John Maynard Keynes and F.A. Hayek are two of the most controversial economic figures of the 20th century. Both made huge contributions to the field of economics and both stand in direct opposition to each other, which is one reason why they have presented such a fascinating juxtaposition over the last century.
For Keynes, the government’s involvement was integral to the field of macroeconomics, which treated the entire economy as one whole entity, rather than several individual moving parts. As has been discussed in The Road to Serfdom, this failure to understand the individual’s role in the economy is one of Hayek’s main concerns.
For Keynes to achieve his economic goals, which included such things as the idea of “full employment,” the government would have to commandeer the entire economy in order to direct it towards a given end. While some may not see this as being as terrifying as it truly is, Hayek reminds us of in Road to Serfdom that without economic freedom, there can be no freedom. And in Keynes’s ideal world, the government would be running the entire show. But the differences between the two men exceed far beyond this fact alone.
Over the course of a few essays, I will be diving into the differences between these two economists and why they both matter in our modern day. But before diving into the differences there are two videos that may help lay a foundation for understanding these two fascinating men.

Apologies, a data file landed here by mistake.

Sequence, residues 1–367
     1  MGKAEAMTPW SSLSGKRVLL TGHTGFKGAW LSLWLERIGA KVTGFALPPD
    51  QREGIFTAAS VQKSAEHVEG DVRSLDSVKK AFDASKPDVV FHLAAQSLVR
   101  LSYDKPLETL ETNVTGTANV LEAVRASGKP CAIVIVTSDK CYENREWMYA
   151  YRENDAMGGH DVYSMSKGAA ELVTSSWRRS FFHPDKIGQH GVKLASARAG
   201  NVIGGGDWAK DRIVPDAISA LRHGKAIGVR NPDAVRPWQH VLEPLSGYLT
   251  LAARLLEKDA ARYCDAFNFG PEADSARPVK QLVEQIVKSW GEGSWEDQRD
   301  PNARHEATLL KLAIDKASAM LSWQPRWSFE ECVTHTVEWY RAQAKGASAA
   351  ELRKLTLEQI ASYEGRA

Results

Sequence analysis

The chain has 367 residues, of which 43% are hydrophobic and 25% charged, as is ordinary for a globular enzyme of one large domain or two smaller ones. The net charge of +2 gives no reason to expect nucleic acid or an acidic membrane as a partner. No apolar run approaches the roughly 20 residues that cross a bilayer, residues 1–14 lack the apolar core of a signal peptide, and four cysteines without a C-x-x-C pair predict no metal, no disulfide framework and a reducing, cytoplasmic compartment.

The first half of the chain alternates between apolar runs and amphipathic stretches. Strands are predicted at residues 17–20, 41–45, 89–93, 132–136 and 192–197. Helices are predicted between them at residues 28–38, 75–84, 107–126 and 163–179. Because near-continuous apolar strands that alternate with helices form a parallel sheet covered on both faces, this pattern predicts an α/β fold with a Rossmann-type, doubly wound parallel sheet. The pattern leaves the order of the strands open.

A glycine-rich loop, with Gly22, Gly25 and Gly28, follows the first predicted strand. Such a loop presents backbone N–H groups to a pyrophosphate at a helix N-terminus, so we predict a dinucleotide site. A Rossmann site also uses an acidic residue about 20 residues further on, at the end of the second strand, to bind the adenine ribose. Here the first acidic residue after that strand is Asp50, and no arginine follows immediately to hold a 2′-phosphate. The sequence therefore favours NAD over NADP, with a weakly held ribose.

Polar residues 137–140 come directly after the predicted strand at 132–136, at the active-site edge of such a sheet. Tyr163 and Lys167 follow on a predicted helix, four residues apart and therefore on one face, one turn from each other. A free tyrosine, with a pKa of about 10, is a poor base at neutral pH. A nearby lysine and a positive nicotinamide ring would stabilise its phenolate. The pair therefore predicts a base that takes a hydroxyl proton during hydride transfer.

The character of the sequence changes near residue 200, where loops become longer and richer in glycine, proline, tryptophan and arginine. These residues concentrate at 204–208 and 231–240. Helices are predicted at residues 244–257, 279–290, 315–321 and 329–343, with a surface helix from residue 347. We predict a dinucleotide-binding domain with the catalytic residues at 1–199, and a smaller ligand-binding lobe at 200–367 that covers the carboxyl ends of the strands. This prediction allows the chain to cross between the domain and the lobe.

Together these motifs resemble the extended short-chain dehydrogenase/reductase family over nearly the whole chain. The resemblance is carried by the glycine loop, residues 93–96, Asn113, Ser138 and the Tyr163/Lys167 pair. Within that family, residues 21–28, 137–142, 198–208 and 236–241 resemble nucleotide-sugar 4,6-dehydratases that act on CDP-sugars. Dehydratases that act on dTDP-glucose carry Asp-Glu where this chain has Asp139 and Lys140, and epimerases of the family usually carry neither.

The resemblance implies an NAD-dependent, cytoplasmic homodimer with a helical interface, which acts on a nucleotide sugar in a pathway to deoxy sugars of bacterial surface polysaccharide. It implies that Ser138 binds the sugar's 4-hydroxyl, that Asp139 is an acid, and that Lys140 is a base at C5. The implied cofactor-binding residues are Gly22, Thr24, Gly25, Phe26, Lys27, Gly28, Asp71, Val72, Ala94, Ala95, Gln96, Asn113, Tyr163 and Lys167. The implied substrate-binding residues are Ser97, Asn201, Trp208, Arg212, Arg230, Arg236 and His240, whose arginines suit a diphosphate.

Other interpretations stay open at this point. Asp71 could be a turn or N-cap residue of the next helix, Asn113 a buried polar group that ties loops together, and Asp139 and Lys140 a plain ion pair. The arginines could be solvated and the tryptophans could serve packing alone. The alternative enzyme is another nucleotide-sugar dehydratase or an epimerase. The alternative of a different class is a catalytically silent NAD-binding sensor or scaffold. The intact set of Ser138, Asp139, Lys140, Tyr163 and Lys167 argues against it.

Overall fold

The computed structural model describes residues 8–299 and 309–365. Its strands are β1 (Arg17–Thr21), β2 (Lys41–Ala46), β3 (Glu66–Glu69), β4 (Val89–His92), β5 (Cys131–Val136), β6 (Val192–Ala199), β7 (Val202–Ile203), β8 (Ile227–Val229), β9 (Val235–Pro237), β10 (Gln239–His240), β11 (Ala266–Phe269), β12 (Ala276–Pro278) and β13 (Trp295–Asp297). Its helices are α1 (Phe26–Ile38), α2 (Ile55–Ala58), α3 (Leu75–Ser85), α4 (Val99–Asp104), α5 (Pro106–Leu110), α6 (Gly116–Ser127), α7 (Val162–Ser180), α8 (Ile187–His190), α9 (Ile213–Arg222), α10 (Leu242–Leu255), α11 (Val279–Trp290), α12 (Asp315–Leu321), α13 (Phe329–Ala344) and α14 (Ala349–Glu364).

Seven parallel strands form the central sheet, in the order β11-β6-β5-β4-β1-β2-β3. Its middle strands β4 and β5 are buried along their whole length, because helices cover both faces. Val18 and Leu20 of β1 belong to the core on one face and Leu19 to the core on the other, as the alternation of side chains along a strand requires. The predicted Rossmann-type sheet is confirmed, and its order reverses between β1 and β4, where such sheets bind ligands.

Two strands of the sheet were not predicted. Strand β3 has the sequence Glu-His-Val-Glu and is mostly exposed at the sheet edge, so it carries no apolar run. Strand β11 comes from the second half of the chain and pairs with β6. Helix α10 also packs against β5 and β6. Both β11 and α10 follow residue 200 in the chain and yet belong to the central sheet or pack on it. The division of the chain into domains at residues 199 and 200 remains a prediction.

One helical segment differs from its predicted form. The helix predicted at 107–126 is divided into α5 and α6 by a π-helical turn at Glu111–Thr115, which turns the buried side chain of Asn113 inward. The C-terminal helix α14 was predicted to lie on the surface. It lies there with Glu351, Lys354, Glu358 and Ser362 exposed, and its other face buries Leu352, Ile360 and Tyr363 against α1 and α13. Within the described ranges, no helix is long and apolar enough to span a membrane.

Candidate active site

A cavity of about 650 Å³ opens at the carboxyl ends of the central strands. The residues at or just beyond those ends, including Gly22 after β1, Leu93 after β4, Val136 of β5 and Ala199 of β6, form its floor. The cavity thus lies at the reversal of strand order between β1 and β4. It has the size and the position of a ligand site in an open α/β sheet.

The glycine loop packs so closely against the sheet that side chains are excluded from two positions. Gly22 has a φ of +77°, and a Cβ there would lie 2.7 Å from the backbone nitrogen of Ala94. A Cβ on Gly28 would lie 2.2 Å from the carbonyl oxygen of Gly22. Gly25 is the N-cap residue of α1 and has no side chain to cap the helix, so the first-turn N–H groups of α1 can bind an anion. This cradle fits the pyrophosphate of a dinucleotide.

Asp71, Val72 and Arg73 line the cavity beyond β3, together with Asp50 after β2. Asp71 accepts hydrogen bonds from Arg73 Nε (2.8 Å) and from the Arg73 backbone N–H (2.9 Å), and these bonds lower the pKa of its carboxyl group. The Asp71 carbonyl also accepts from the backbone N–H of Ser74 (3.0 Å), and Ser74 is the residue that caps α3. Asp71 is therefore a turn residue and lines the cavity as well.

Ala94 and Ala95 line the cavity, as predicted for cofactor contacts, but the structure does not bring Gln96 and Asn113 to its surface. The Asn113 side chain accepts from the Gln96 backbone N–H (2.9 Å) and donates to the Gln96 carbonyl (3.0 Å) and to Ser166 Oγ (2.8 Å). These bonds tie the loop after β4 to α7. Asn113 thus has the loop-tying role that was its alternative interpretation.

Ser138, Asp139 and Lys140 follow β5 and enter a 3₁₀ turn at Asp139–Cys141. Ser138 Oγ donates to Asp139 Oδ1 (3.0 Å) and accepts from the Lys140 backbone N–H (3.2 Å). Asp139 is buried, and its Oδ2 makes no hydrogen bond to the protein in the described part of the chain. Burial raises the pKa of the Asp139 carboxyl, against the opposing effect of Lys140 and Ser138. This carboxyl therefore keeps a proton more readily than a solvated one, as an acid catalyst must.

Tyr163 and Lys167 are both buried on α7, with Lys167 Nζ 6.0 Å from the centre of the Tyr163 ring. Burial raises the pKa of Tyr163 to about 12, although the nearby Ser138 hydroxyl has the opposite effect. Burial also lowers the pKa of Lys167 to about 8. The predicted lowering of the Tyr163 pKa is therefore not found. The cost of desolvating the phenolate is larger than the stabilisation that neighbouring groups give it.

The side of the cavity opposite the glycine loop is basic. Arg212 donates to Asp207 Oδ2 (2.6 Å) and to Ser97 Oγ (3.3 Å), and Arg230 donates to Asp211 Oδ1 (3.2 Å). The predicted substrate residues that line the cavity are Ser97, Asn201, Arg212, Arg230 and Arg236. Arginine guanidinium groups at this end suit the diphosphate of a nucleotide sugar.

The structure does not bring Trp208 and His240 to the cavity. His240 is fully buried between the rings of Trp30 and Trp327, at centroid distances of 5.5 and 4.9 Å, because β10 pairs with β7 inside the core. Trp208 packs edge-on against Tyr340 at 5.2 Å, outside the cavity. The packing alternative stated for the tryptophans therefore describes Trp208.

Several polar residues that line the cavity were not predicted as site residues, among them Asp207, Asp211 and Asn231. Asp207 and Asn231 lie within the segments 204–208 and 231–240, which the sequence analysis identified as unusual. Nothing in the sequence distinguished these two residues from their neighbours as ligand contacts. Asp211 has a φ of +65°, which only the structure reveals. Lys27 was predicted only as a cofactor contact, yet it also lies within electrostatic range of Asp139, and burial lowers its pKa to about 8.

In 2011, two parody rap videos were released in which two actors depicted the two economists debating their different stances on the economy. While economics is not usually the “hippest” topic to rap about, the videos made their way around the internet and suddenly everyone was talking about Hayek, Keynes, and Austrian economics.
The videos were released at the height of the Ron Paul movement when F.A. Hayek and his issues with Keynesian economics were suddenly being discussed as if it were celebrity gossip. And while the videos laid a strong foundation for the discrepancies between the two men, it is important to elaborate on a few of those differences, as I will be doing over the next few weeks.